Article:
Secondly they are limited to the minimum thicknesses that the chosen 3D printer can print, making the simplest design becomes a huge task. For example; if we scale down huge ships to a printable size, small thing like railings, tubing or a radar become so small that the printer cannot print them, so CAD work is need to remove or thicken details for printing. For some models, this can become such a time consuming task that companies develop a brand new 3D printable model from scratch rather than just scaling down an existing model.
The third step is to scale the model down to a printable size. Different printers use different building volumes so a selection has to be made to print the model in one part or maybe divide it up in to sections.
Last but not least, the model often needs to be hollowed out and have a hole at the bottom. This hole is used to remove left over build material or support material used while printing.
The 65m M/Y Mobius in scale 1:300 would only be 216mm long. In this case, the CAD model of the hull and superstructure is almost directly CNC milled in one or several parts. These parts are then smoothened, adjusted and matched by traditional handcraft. If no CAD model is available the hull and superstructure is completely hand crafted from 2D Drawings, line plans and pictures using wood, sculpting foam and or clay to form an initial hull.
From the initial hull, the final mould is then made and using this mould and a special casting process and resin, the final hull is casted. Large parts like the superstructure are made and casted in a similar way.
Parallel to this, the fine details are developed. Using paper-thin sheets of high quality brass, the details, railings, doors, hatches, etc. are etched out. After bending and sometimes soldered into shape, the details get their coating of paint and are ready for assembly.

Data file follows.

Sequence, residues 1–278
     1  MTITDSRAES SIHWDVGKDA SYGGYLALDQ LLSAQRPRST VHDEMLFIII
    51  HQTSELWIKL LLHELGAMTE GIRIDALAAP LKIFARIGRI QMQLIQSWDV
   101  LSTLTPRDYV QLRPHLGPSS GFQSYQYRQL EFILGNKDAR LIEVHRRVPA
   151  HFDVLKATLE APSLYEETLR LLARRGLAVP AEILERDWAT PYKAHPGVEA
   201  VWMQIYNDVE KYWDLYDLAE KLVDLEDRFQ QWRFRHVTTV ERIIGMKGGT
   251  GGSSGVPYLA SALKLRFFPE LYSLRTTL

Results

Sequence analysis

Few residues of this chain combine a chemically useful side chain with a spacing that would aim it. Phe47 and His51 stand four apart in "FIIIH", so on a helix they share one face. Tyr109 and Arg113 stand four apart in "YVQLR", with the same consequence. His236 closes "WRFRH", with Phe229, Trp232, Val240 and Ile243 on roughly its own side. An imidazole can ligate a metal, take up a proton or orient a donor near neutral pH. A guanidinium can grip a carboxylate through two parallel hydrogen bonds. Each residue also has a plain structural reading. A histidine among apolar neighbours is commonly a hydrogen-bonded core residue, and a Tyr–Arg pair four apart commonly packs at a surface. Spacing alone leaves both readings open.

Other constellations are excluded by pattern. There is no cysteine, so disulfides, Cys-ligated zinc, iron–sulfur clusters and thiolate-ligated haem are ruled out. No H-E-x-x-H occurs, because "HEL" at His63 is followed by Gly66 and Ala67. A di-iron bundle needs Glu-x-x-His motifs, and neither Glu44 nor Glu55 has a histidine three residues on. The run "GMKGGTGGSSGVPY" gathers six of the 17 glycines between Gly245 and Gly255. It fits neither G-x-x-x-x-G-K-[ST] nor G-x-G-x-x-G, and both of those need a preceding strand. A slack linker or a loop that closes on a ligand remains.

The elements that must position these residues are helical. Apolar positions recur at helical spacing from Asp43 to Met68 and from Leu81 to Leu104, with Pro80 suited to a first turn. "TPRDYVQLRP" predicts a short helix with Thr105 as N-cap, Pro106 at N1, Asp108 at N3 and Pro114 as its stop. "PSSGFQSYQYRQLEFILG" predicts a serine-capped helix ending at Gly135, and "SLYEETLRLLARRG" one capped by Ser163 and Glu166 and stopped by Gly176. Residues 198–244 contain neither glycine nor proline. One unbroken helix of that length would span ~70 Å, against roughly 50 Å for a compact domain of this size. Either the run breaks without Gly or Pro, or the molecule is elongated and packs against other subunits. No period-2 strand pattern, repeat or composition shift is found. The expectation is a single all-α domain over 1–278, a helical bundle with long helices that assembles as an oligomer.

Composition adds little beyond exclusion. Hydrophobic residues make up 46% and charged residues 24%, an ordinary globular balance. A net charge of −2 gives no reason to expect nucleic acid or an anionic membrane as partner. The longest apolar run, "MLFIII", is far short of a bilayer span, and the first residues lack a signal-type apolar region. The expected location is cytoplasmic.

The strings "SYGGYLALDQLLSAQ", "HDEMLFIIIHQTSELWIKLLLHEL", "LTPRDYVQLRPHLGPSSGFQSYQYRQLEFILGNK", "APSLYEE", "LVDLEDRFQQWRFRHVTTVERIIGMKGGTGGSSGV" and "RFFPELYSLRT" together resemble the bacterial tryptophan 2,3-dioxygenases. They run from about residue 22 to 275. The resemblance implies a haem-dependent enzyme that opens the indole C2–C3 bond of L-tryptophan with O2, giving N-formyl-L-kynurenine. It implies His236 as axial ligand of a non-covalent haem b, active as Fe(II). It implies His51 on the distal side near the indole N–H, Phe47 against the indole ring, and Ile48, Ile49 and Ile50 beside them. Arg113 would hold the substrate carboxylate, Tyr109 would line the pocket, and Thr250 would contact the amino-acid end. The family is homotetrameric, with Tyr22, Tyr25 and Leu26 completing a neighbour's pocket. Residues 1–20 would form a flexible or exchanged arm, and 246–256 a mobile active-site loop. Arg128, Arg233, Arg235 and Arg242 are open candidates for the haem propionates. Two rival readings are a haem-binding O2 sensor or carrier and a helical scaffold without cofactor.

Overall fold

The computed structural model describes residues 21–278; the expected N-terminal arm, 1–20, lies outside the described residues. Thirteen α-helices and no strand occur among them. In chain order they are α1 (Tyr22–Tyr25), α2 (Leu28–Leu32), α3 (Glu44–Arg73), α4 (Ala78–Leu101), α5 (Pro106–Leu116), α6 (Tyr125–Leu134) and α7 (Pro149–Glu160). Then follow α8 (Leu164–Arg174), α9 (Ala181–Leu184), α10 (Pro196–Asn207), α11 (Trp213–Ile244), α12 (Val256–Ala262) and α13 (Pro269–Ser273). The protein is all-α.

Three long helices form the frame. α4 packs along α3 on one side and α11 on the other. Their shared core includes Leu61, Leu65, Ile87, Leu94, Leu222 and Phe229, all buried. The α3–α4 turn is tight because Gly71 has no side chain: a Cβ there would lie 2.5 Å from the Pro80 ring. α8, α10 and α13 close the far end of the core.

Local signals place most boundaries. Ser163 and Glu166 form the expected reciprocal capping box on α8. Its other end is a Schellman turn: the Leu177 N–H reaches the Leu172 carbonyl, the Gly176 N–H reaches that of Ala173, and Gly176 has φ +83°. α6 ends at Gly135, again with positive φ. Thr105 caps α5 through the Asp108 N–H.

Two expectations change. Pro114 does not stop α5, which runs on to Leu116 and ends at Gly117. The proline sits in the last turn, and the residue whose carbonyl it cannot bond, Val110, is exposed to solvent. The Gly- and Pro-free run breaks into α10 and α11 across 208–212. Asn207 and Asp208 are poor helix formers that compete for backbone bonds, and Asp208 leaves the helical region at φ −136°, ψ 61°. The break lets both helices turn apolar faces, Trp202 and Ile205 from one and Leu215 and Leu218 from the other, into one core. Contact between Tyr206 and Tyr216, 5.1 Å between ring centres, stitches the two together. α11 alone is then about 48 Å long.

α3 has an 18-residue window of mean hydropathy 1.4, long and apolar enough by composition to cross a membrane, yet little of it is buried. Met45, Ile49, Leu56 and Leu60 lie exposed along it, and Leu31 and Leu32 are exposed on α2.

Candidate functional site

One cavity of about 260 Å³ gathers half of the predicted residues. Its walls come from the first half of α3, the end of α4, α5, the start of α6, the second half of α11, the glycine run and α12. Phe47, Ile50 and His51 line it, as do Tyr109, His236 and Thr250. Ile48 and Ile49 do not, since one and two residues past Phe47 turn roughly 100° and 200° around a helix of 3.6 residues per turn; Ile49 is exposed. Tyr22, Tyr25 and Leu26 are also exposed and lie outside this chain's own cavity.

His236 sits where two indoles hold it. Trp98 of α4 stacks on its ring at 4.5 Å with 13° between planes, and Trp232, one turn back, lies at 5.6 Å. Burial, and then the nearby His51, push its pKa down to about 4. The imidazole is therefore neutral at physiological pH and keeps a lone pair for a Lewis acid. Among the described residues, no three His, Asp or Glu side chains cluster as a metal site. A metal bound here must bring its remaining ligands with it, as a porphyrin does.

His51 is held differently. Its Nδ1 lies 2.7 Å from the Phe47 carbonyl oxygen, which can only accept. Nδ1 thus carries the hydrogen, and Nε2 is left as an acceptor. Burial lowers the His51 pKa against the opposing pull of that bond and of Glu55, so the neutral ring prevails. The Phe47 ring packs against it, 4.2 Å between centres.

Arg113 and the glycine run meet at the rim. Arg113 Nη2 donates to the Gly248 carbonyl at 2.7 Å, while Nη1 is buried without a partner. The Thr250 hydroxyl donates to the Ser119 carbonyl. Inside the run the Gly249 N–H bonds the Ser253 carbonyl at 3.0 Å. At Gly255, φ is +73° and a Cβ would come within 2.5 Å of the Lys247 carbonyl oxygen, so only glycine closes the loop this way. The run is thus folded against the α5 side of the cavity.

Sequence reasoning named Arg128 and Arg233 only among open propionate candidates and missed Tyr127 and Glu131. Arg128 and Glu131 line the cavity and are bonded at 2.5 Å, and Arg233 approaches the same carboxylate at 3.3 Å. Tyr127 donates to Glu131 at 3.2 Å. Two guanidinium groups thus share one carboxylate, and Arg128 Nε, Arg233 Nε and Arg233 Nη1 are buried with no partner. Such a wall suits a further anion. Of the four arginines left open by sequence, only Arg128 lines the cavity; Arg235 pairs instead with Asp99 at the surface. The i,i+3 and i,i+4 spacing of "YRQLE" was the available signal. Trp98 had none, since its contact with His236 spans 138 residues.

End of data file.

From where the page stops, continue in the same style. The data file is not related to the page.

When all parts are ready and painted the assembly can start. From conception to completion, the design requires about eight weeks work.
The model then rests on a wooded baseplate. In this case, it is finished by a polished stainless steel underlay that gives it a high quality feel. The stainless steel surface is finished with a colour logo, yacht’s name, technical details and or designer’s names. To keep it dust free, a high quality acrylic cover gives the finishing touch.
The larger scale model in scale 1:100 measures 650mm in length. To show the skills of AllOnScale® in fine detail the model was made with complete interior and LED lights. Both the master bedroom and on-board gym were replicated in detail while the other areas where replicated from 2D deck plans.
The process is not much different from the smaller scale model although the hull and superstructure are directly milled and not casted. Larger details are casted and even the skylight is casted in special clear resin.
At the back, the tender bay door is open and a small tender was added showing the arriving owner. On the starboard side, the large front hull hatch is open to show this unique feature of the on-board gym. The central spiral staircase with large skylight was modelled as another key feature of this yacht.
Fine details again are made of sheets of brass but the railings are made from real stainless steel and all decks are paved with real wood.
The interior and lights make the model more complex as lights have to be positioned to give a realistic lightning on-board, while all electrics need to be hidden away. The model rests on a wooden baseplate with a dark blue acrylic sheet to simulate the ocean. LED’s are used to simulate the underwater spots that many luxury yachts use at the moment; it gives them a spectacular view at night. A small tender behind the model gives the finishing touch.
For more information, visit AllOnScale®.